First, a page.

“The people in charge are still corrupt,” said Egyptian blogger Mostafa Sheshtawy as friends greeted him in Tahrir Square. “We are ... the people who can build this country.”
No unified set of demands
Tahrir Square on Friday was reminiscent of the 18 iconic days before Mubarak was ousted from presidency on Feb. 11, and the many Friday protests that have followed since. People carried signs and children wore revolutionary headbands with the colors of their prized Egyptian flag. Today, the square was a bit less crowded.
Similar to the all the other protests that have taken place since Jan. 25, Friday’s lacked central leadership; there was no single list of agreed-upon demands among various activists, party members and individuals.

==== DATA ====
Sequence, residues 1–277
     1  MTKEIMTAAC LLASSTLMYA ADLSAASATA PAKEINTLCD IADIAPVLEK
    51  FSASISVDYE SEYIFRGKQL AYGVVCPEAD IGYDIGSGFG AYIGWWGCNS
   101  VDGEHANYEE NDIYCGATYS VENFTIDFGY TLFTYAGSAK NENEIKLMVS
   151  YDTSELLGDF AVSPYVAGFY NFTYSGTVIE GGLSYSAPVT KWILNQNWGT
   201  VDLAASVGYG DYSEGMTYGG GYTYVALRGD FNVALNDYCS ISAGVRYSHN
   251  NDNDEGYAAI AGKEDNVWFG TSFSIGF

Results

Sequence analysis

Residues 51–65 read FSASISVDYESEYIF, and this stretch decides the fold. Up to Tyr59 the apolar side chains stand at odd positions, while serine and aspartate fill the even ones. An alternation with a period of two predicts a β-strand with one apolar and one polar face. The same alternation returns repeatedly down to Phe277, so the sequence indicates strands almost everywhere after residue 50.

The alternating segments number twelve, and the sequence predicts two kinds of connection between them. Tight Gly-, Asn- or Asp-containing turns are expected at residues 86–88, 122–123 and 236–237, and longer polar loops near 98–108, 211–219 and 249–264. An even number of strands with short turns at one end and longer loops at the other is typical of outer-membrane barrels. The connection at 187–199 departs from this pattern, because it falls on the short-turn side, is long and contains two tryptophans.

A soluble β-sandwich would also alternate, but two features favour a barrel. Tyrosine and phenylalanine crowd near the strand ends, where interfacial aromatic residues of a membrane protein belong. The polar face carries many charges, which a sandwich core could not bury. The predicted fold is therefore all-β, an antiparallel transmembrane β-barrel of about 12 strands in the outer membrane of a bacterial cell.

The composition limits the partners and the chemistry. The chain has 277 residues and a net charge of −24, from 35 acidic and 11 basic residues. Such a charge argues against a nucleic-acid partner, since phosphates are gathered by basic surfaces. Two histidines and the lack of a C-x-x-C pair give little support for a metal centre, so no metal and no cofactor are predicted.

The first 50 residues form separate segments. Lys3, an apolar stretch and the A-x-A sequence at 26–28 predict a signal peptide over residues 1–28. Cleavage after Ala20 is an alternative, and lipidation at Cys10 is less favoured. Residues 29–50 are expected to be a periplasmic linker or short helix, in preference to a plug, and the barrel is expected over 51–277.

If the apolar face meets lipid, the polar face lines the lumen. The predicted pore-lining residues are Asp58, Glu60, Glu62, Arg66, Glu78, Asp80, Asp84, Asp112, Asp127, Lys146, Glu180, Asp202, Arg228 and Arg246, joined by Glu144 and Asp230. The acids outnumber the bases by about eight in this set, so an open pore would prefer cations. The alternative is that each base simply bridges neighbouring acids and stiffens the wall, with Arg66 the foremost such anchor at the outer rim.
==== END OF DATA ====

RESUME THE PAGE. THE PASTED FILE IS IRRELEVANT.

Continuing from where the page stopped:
“It doesn’t seem that it’s a strategy focused on the Egyptian population, but a strategy focused on keeping up the pressure on the military,” says Michele Dunne of the Carnegie Endowment for International Peace. “They feel as soon as they stop protesting, they will lose all their leverage and they’re not satisfied with what they’ve achieved so far.”
Many Egyptians urge patience
But many are content to give the military the benefit of the doubt.